Foreign nationals traveling to aid Ukraine’s war effort are reportedly being duped into signing indefinite service contracts. The Ukrainian Army has denied such allegations while failing to provide evidence of military contracts stating otherwise.
As the nation’s war with Russia broke out, the International Legion for the Defence of Ukraine was been formed, with people from around the globe welcomed – and encouraged – to join the fight. At the beginning of March, Ukrainian President Zelensky announced to his Telegram channel that 16,000 foreigners (the number is now estimated to be 20,000) had volunteered.
Some of the volunteers are former military personnel, while others have joined with little to no combat experience. But despite wanting to join the Ukrainian army, recruits from across the West are being turned off upon their arrival at the Polish border, with many claiming they have been unable to see contracts until they arrive in Ukraine.
Those who have persisted claim to have similar, first-hand experiences with the contractual arrangements.
Contracts with the Ukrainian government allegedly state those joining will be under the “same obligations” as Ukrainian men, and that those fighting will be earning 7000 hryvnia a month (the equivalent of 237.37 dollars). Under martial law, the people who sign this contract from the ages of 18-60 will have to “remain in the Ukrainian foreign legion for the duration of war” – many feeling they are essentially signing a “death warrant”, according to eyewitness reports at The Economist.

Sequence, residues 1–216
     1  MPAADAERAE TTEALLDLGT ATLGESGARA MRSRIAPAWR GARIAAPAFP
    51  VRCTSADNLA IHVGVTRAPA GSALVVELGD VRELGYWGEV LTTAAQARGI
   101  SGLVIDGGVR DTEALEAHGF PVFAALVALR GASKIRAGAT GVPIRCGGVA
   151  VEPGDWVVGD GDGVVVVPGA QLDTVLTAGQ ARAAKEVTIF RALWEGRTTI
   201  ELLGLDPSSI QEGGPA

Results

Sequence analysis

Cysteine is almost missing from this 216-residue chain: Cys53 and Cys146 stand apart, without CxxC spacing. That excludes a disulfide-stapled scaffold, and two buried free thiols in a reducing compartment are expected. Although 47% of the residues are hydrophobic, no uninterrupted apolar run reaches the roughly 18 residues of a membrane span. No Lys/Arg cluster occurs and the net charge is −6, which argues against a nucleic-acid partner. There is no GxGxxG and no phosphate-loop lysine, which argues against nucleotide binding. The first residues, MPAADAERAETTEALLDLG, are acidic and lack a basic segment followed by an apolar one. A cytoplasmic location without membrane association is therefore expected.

Of those who have entered Ukraine to fight against the Russians, stories have included reports of poor vetting measures, alongside tales of violence as Ukrainian agents mistake them for Russian saboteurs. A British soldier who opened up about his experience under Ukrainian investigation spoke of guards who had “slammed” his head down, whacking him “eight or nine times” leading him to endure a concussion and heavy bleeding, The Sun reported.
Following the announcements of foreign nationals joining the Ukraine fight, Russia warned of “criminal” prosecutions. Though men joining the are technically entitled to prisoner of war status should they be captured, a Russian military spokesman recently said that foreigners aiding Ukraine will be treated as “mercenaries” and would not “enjoy the status of prisoners of war.” Russian sources further stated: “at best, they can expect to be prosecuted as criminals.”
Russian defense officials have further backed this claim with the announcement that they had “killed 180 foreign fighters in Ukraine” and that this destruction would “continue”. While Ukraine actively recruits foreign fighters, Russians continue to warn foreigners of intense repercussions.
Additional volunteers continue to be dissuaded by Ukrainian contractual terms, low-payment issues, poor vetting measures, and fear of Russian castigation, many continuing to flee at the Polish border. It is still unclear how many of the 20,000 volunteers have arrived in Ukraine.